With a US Size 4 (3.5 mm) hook, I got fifty. I kept them in strict gradient order by slipping them onto a stitch holder as they were finished.

Then I did another bun’s worth, and got fifty-one. Great. I’d do a 100-square blanket. I like easy math.

In another mood, or in another month with less travel, I might have devoted a few hours to figuring out whether to keep the squares in the order they were made, or shuffle them together to make a longer gradient. Perhaps I might thrown them into the air to make them random. But sometimes you just need to make a choice. I decided to keep them in order.

To make the next step as portable as possible, I tied each strip of squares into a separate bundle.

Because I have a brain like a sieve, I also added numbered tags so I’d know in what order I should attach the bundles.


It’s never a waste of time to protect your future self from the silly things it is prone to do.

E Pluribus Unum

Edie’s book is a model of clarity. Still, I was nervous. Even with a couple projects under my belt, I find crochet charts daunting. I asked some of the crochet authorities in my address book for tips, and the replies ranged from “Oh, I never use charts. Just ignore them.” to “You don’t follow them like you do knitting charts. Just sort of look at the chart, and get an idea of what you should do, then go.”

I often wonder if I lack the moxie to crochet.

Happily, Edie offers crystal-clear written instructions. As I compared them to the chart, for the first time the fog began to clear. And the little squares began to become a big square.


After the second strip had been joined, I picked up speed and the process became–dare I say it?–fun.

And then there was one.

Now, I know people who say they don’t block crochet. I do. And I always wet block, because when I think about all the places where these squares were made, the idea of not washing the fabric thoroughly makes me green in the gills.

After blocking, I was almost perfectly happy with the project. There’s a patch where the joining rows and the squares are both the darkest grey, and thats reads to me as a black hole in the work. I’m not sure I like it.

But the fabric is cuddly beyond words.




Aside from that, three buns gave me a lap blanket (the finished dimensions are 33 inches x 33 inches) that is handsome and comforting.

Yet I do have a fourth bun sitting here. A border, perhaps?

Or something to dress up the black hole? I’m gonna go cuddle up under this and think about it.

See you in two weeks…

Tools and Materials Appearing in This Issue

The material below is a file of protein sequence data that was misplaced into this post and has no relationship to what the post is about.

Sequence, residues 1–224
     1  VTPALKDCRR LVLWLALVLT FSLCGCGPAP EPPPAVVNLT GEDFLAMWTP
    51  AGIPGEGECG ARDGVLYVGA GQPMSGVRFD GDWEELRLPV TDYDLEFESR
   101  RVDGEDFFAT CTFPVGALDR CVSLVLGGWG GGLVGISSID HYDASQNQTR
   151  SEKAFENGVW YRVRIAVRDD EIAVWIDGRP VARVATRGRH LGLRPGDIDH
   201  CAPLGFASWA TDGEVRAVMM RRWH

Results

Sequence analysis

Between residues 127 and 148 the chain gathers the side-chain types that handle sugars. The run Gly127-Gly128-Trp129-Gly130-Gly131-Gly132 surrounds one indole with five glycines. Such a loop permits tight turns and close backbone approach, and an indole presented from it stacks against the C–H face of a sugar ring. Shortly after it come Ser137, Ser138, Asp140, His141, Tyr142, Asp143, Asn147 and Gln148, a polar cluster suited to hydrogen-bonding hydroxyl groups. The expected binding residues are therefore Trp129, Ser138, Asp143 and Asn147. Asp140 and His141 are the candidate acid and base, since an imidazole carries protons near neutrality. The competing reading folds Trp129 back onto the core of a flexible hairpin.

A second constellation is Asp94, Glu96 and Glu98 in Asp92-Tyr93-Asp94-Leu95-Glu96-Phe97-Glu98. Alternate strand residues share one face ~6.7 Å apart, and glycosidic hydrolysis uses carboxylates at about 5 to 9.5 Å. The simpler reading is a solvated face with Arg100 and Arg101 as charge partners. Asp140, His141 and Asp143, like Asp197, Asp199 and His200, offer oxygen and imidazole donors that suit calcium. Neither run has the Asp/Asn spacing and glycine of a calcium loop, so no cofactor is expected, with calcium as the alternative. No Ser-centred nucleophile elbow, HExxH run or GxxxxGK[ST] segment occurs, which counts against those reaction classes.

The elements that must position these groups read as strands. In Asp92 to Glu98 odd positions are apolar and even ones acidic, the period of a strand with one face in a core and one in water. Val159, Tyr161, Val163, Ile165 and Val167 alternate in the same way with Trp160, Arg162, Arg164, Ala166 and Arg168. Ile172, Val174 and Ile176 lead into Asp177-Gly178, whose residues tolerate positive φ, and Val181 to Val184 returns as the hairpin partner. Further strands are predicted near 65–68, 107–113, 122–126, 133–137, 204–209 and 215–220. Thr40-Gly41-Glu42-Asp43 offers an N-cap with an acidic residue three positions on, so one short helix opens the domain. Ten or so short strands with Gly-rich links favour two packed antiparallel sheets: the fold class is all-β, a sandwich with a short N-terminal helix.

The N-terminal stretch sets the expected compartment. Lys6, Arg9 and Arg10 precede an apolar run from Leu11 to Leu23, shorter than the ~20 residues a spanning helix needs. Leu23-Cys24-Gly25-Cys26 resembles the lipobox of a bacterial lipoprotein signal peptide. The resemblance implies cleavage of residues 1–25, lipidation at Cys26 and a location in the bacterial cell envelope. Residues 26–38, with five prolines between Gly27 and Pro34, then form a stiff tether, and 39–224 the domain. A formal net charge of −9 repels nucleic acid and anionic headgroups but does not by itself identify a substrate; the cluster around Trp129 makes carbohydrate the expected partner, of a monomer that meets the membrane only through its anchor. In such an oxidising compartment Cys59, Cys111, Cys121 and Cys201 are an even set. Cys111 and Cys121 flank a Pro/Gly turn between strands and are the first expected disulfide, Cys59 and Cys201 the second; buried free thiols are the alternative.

HiKoo Concentric (100% Baby Alpaca; 437 yards per 200 gram cake). Shown in Color 1027 (Trixie).

addi Color-Coded Crochet Hooks

Boye Stitch Holder, Large 3-Inch

Connect the Shapes Crochet Motifs by Edie Eckman

About Franklin

Designer, teacher, author and illustrator Franklin Habit is the author of It Itches: A Stash of Knitting Cartoons (Interweave Press, 2008). His newest book, I Dream of Yarn: A Knit and Crochet Coloring Book was brought out by Soho Publishing in May 2016 and is in its second printing.

He travels constantly to teach knitters at shops and guilds across the country and internationally; and has been a popular member of the faculties of such festivals as Vogue Knitting Live!, STITCHES Events, the Maryland Sheep and Wool Festival, Squam Arts Workshops, the Taos Wool Festival, Sock Summit, and the Madrona Fiber Arts Winter Retreat.

Franklin’s varied experience in the fiber world includes contributions of writing and design to Vogue KnittingYarn Market News, Interweave KnitsInterweave CrochetPieceWorkTwist Collective; and a regular columns and cartoons for Mason-Dixon Knitting, PLY Magazine, Lion Brand Yarns, and Skacel Collection/Makers’ Mercantile. Many of his independently published designs are available via Ravelry.com.

He is the longtime proprietor of The Panopticon, one of the most popular knitting blogs on the Internet (presently on hiatus).

Franklin lives in Chicago, Illinois, cohabiting shamelessly with 15,000 books, a Schacht spinning wheel, four looms, and a colony of yarn that multiplies whenever his back is turned.

Follow Franklin online via Twitter (@franklinhabit), Instagram (@franklin.habit), his Web site (franklinhabit.com) or his Facebook page.